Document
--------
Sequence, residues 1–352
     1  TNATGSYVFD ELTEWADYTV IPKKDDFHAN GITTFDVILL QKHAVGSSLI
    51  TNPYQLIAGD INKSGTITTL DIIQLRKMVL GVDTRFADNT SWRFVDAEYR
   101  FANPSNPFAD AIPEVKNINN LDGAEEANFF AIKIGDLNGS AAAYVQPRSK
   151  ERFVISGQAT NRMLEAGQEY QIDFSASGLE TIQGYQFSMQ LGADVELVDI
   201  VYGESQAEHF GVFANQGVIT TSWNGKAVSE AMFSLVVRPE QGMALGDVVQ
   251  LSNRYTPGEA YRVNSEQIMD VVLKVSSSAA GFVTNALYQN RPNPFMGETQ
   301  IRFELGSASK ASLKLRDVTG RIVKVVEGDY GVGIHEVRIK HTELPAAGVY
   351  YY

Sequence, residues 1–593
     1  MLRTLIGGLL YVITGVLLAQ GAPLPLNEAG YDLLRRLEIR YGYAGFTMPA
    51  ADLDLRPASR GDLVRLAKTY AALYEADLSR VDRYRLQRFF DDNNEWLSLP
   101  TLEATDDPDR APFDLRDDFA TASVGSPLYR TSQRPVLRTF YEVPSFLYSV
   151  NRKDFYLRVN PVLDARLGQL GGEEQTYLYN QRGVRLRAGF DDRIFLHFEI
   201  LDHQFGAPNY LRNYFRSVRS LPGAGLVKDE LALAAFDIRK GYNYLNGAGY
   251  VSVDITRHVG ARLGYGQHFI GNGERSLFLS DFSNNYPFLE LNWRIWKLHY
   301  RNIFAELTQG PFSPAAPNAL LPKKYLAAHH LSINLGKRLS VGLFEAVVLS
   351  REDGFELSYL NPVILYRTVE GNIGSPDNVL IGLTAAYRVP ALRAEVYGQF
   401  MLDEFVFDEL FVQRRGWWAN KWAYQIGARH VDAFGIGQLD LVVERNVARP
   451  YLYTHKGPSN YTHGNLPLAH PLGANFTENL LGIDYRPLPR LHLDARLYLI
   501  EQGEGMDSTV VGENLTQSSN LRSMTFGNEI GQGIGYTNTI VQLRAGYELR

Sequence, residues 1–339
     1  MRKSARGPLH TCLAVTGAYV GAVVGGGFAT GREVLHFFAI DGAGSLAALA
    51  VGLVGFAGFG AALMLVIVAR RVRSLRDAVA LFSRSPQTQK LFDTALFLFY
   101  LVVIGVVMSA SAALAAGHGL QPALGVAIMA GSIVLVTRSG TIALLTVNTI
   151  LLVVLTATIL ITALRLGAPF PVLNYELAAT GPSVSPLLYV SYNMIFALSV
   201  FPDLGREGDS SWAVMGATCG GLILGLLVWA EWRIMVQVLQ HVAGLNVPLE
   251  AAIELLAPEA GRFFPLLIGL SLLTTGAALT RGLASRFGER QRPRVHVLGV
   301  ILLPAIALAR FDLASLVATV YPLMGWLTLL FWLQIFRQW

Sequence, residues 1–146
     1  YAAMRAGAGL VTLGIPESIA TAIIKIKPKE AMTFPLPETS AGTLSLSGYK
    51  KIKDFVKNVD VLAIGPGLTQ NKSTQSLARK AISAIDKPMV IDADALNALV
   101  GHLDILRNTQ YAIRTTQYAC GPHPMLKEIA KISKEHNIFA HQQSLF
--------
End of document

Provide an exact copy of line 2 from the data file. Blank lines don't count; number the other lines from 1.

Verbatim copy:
     1  TNATGSYVFD ELTEWADYTV IPKKDDFHAN GITTFDVILL QKHAVGSSLI